On a Greek island during the 1912 war, several people are trapped by quarantine for the plague. If that isn't enough worry, one of the people, a superstitious old peasant woman, suspects ... See full summary »
The end credits have a dedication to "Hugh M. Hefner". Hugh Marston Hefner of Playboy fame was born in 1926- the same year as The Blackbird's release. See more »
My boy, you must first return everything you have stolen.
West End Bertie:
You have suggested my intensions... precisely!
When you 'ave done this, then come to me. I will always be your friend.
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Perhaps, one of the lesser known collaborations between Lon Chaney Sr. and director Tod Browning--"The BlackBird" has all the conventional trappings of a Chaney/Browning film; or any Chaney Sr. film now that I think about it. One of those trappings being the "love triangle" as it seems that Chaney spends a fair amount of time pining for a woman who ends up falling in love with another man.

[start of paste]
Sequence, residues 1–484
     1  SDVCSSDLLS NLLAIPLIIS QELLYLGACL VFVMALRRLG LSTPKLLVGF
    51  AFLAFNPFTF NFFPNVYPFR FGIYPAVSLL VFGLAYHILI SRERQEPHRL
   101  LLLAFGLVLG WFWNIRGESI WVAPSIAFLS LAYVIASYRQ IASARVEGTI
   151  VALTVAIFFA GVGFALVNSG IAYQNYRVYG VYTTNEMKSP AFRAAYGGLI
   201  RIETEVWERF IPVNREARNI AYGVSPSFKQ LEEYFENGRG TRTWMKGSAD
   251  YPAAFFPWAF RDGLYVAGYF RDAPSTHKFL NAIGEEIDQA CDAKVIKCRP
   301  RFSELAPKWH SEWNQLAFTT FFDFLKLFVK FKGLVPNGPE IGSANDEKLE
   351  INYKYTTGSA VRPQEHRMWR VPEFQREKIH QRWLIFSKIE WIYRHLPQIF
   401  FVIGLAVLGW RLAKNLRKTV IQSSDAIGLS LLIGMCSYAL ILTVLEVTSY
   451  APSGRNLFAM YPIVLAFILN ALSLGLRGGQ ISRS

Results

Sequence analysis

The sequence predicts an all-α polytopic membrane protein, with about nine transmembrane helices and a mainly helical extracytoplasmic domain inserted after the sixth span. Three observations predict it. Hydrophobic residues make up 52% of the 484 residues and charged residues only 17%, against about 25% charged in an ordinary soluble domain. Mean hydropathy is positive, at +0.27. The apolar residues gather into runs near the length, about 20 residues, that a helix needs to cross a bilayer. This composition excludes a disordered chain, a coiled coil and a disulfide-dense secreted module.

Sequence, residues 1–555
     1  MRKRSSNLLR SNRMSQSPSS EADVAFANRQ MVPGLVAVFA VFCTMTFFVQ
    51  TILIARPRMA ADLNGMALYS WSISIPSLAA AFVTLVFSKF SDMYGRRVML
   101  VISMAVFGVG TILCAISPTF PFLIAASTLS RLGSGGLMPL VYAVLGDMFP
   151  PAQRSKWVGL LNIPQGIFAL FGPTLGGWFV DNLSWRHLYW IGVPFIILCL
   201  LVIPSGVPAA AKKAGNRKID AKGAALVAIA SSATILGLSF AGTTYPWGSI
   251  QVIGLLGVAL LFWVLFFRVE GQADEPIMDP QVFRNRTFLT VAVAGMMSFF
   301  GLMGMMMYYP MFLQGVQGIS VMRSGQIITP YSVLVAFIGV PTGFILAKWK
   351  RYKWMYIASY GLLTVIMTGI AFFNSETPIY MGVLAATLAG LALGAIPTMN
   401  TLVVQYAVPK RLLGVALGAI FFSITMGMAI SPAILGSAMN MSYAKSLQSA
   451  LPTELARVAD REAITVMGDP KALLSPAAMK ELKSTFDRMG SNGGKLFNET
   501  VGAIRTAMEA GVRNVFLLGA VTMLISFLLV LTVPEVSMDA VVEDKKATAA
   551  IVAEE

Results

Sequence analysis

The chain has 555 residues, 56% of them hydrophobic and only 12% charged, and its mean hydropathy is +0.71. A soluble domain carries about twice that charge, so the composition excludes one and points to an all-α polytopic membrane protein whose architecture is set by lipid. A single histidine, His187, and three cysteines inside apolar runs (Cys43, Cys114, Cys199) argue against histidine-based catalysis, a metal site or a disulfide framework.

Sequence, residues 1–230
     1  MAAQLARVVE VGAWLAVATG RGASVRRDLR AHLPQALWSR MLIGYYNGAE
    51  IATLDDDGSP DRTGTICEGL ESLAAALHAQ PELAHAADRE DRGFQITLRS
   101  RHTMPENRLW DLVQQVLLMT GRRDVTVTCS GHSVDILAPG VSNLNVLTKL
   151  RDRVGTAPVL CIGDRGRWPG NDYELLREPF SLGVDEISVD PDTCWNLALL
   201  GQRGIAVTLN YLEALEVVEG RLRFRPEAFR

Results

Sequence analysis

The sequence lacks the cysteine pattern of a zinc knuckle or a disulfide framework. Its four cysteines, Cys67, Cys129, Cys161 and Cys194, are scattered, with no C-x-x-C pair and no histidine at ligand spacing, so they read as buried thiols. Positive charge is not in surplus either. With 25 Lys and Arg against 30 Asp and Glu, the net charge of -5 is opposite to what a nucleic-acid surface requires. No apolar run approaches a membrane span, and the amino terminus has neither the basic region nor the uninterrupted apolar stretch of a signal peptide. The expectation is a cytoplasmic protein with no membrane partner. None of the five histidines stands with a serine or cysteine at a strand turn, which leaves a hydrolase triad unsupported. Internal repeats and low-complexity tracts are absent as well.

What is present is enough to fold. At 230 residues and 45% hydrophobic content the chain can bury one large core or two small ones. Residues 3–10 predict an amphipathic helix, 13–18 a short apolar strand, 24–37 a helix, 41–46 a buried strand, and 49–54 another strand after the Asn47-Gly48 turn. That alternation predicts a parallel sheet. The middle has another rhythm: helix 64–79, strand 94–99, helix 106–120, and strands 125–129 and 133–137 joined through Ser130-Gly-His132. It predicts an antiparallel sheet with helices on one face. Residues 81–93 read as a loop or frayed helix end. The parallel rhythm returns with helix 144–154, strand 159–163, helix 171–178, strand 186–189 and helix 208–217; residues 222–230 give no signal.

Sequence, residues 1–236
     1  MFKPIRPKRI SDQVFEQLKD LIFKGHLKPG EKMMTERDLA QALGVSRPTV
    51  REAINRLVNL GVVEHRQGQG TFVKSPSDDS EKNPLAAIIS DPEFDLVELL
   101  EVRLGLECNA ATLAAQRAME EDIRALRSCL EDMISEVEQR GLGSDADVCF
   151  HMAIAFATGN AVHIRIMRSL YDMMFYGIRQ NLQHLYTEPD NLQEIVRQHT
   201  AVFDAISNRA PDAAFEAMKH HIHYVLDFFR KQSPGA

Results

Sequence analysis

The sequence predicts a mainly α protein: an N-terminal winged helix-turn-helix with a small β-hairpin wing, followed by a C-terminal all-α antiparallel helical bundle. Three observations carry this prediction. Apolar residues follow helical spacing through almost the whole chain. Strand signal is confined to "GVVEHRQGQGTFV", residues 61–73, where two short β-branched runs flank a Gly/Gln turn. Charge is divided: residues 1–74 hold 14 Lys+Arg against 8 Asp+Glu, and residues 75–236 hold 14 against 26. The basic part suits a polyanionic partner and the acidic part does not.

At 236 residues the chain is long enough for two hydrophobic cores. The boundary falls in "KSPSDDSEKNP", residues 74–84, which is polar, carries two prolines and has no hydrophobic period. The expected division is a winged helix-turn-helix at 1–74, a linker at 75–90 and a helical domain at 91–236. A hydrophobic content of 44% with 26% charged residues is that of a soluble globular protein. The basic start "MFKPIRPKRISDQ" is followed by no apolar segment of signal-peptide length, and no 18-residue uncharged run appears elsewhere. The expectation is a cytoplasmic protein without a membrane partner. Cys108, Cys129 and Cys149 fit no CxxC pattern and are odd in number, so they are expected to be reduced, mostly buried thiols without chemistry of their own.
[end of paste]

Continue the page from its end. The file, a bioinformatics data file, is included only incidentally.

This film also has Lon playing a double role--no elaborate makeups to disguise himself with--just the master craftsman contorting his body to play the part of the crippled "Bishop", and his nefarious brother "The Blackbird." Apparently, the Blackbird needed a cover to help hide his criminal activities and thus the part of the Bishop comes into play.
"The Blackbird" starts off a bit slow, as we the audience are introduced to all the principal characters, but picks up steam towards the end. Overall, I can see why this movie is not one of the more well-known Chaney/Browning collaborations--not that I'm saying it's bad, far from it. It's a good movie & if you're a fan of Chaney Sr. then you will definitely add this one to your collection. Now, if someone could only find a surviving print of "London After Midnight."
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